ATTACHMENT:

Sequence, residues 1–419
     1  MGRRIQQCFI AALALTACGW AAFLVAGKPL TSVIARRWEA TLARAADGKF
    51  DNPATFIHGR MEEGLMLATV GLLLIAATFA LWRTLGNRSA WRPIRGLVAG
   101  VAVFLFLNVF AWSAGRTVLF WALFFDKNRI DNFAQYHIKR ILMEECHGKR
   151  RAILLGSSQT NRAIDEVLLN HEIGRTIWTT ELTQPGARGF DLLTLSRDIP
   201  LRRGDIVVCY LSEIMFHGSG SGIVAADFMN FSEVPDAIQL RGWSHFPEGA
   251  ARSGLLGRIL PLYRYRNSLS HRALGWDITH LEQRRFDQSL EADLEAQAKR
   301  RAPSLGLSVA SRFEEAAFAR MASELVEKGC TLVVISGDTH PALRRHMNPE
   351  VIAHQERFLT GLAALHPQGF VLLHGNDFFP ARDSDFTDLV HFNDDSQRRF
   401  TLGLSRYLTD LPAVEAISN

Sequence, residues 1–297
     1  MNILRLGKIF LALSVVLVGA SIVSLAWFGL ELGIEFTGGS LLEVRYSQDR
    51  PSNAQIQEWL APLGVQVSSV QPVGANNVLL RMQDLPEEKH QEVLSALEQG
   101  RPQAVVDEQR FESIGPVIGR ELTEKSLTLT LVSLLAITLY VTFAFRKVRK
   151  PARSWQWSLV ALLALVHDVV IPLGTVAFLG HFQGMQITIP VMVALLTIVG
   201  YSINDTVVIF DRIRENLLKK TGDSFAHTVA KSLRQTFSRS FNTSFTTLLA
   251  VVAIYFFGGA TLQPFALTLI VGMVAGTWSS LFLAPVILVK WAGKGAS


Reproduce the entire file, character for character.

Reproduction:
Sequence, residues 1–419
     1  MGRRIQQCFI AALALTACGW AAFLVAGKPL TSVIARRWEA TLARAADGKF
    51  DNPATFIHGR MEEGLMLATV GLLLIAATFA LWRTLGNRSA WRPIRGLVAG
   101  VAVFLFLNVF AWSAGRTVLF WALFFDKNRI DNFAQYHIKR ILMEECHGKR
   151  RAILLGSSQT NRAIDEVLLN HEIGRTIWTT ELTQPGARGF DLLTLSRDIP
   201  LRRGDIVVCY LSEIMFHGSG SGIVAADFMN FSEVPDAIQL RGWSHFPEGA
   251  ARSGLLGRIL PLYRYRNSLS HRALGWDITH LEQRRFDQSL EADLEAQAKR
   301  RAPSLGLSVA SRFEEAAFAR MASELVEKGC TLVVISGDTH PALRRHMNPE
   351  VIAHQERFLT GLAALHPQGF VLLHGNDFFP ARDSDFTDLV HFNDDSQRRF
   401  TLGLSRYLTD LPAVEAISN

Sequence, residues 1–297
     1  MNILRLGKIF LALSVVLVGA SIVSLAWFGL ELGIEFTGGS LLEVRYSQDR
    51  PSNAQIQEWL APLGVQVSSV QPVGANNVLL RMQDLPEEKH QEVLSALEQG
   101  RPQAVVDEQR FESIGPVIGR ELTEKSLTLT LVSLLAITLY VTFAFRKVRK
   151  PARSWQWSLV ALLALVHDVV IPLGTVAFLG HFQGMQITIP VMVALLTIVG
   201  YSINDTVVIF DRIRENLLKK TGDSFAHTVA KSLRQTFSRS FNTSFTTLLA
   251  VVAIYFFGGA TLQPFALTLI VGMVAGTWSS LFLAPVILVK WAGKGAS